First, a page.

Despite the Yang Di-Pertuan Agong Sultan Ibrahim’s decision to defer to the legal system to deal with the situation and religious affairs minister Na’im Mokhtar urging Muslims to maintain composure and allow the authorities to conduct their investigations, Akmal remains undeterred.

He persists in advocating for the boycott of all outlets deemed offensive, asserting his purported endorsement from the Umno supreme council.

Akmal’s actions evoke memories of Hishammuddin Hussein’s infamous keris-wielding display at the Umno Youth assembly of the past.

In Peninsular Malaysia, issues surrounding race and religion often take centre stage. However, the Borneo states are closely monitoring these developments, recognising that any downturn in the economy could have a disproportionate impact on them, given their historical underdevelopment.

It is important to acknowledge that Akmal’s actions do not speak for all Malaysians or Muslims in the country. He does not speak for the Borneo states.

Moreover, his party’s fortunes have taken a downturn since the last general election, suggesting a desperate attempt to regain relevance. This desperation may drive individuals to resort to various tactics, regardless of their consequences.

The mood of the nation has indeed shifted, particularly among the TikTok generation. These youths are disinterested in the kind of politics exemplified by figures like Akmal.

Instead, they prioritise enjoying life, promoting happiness, environmental stewardship, advocating for human rights and fostering equality.

Today’s youths are not passive followers; rather, they wield their smartphones as tools for empowerment and activism.

They reject the notion of an unwritten “social contract” that may favour certain groups, insisting instead that social justice must be equitable and inclusive for all.

One of the most disheartening aspects is that despite the considerable support of the people, the Madani government has been unable to contain the disruptive actions of a single individual bent on undermining the country’s economy and international reputation.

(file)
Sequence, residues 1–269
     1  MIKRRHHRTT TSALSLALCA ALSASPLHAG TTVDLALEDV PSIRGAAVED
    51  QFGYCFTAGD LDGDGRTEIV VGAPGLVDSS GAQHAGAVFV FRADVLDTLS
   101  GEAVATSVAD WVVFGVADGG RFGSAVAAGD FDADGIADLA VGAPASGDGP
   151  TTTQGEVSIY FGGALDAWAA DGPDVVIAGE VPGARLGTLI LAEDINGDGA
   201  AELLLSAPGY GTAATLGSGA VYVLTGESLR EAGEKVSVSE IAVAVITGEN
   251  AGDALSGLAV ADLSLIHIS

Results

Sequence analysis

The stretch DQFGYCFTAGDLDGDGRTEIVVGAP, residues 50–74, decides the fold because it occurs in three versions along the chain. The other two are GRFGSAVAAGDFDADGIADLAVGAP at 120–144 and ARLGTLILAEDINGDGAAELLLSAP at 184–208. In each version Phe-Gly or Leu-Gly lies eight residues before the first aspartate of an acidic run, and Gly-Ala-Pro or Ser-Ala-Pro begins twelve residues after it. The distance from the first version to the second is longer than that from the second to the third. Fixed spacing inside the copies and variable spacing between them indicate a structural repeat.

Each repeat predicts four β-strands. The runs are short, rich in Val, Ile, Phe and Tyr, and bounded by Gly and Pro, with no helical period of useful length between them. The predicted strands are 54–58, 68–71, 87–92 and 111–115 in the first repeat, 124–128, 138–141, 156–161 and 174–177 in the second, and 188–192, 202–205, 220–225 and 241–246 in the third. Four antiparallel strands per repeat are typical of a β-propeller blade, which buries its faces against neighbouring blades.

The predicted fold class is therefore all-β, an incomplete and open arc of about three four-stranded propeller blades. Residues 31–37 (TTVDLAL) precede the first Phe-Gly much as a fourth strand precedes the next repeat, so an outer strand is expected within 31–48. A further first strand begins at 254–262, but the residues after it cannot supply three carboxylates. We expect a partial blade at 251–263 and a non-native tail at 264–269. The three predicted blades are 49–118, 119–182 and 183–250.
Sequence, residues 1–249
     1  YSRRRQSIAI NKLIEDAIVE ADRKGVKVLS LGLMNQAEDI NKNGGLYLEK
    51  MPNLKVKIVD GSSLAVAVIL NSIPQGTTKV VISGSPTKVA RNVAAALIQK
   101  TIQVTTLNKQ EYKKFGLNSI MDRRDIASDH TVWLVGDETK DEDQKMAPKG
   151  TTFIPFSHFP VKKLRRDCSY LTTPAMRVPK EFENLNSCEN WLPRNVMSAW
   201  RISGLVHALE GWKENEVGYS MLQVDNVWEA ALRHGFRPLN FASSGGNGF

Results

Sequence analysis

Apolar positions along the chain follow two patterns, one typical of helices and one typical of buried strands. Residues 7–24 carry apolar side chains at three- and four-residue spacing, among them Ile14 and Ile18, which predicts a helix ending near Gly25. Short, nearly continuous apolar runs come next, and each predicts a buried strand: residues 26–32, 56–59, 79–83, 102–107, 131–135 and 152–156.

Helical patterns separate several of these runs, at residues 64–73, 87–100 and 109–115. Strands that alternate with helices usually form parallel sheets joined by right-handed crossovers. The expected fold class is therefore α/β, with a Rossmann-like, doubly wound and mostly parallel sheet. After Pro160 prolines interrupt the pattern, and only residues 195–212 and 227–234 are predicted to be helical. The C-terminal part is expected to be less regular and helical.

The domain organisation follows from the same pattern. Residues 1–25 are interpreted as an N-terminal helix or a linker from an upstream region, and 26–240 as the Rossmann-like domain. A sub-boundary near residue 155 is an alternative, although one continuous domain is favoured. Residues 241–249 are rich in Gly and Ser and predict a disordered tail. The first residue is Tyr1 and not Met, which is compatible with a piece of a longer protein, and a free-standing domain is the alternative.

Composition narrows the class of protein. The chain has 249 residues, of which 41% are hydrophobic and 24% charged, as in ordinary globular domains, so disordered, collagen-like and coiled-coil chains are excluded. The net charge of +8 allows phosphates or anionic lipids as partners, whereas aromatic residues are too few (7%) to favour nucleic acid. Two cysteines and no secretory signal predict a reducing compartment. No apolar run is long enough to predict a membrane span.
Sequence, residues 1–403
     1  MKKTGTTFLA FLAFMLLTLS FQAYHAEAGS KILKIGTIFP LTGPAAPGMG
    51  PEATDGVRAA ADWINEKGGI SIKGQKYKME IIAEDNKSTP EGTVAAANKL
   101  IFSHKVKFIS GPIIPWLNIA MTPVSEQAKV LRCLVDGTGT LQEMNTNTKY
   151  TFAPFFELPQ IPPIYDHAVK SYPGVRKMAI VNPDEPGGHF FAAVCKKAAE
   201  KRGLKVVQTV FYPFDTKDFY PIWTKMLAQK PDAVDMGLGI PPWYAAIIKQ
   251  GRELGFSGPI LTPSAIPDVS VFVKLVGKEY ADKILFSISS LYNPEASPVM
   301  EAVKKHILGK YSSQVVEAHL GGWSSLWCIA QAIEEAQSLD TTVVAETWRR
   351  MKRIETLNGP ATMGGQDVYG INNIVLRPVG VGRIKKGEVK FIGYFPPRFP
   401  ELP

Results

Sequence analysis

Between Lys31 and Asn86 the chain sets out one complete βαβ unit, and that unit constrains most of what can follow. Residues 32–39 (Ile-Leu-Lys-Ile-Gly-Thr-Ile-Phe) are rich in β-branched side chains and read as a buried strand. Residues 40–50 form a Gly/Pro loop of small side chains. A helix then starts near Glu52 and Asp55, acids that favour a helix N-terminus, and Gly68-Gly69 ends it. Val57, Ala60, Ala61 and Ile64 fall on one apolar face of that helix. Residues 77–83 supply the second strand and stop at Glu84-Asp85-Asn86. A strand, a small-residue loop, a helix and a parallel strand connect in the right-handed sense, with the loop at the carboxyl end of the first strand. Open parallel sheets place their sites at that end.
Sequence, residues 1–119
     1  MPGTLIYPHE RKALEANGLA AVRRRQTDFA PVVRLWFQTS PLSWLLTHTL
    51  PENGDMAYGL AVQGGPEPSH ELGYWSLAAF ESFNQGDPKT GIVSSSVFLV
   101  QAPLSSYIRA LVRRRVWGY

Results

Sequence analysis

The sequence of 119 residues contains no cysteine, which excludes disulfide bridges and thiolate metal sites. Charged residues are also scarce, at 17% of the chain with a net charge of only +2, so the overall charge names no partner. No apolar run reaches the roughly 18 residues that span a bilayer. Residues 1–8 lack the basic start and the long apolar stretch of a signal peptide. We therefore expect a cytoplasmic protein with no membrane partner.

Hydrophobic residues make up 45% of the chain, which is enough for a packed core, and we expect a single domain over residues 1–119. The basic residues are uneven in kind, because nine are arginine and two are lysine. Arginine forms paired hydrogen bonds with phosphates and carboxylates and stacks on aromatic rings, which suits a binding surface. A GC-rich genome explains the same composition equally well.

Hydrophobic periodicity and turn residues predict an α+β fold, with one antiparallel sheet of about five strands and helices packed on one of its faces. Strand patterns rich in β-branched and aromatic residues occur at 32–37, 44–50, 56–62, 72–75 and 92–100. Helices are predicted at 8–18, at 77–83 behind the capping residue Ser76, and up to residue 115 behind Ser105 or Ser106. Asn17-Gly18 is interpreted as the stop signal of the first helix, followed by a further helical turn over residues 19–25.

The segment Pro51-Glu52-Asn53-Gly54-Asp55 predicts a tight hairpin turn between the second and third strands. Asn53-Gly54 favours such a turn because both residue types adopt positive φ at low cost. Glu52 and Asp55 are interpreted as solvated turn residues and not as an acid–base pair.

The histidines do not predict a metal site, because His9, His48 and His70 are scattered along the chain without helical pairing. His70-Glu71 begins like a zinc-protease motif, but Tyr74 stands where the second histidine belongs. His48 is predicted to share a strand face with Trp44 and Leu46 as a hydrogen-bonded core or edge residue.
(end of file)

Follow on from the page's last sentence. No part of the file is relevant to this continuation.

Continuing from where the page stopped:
This lack of accountability is glaring, especially when contrasted with the consequences faced by figures like Najib Razak, who was held accountable for damaging the country and subsequently faced jail time.

The apparent impunity surrounding Akmal raises troubling questions.

Is political expediency the driving force behind the government’s reluctance to confront him?

Are Malaysians expected to endure such behaviour to uphold the Madani government’s grip on power?

Many citizens find themselves questioning what the Madani government truly stands for. While the concept of reforms has been discussed, the specifics remain elusive.

What reforms are being pursued, and in what areas are they intended to effect change?

These are critical questions that demand answers from those in power. Akmal’s behaviour has undermined any goodwill left in the Madani government.

We must accept that all four successive prime ministers since the 14th general election in 2018 came from the same DNA – Umno.

Does that tell us anything? Can a leopard change its spots?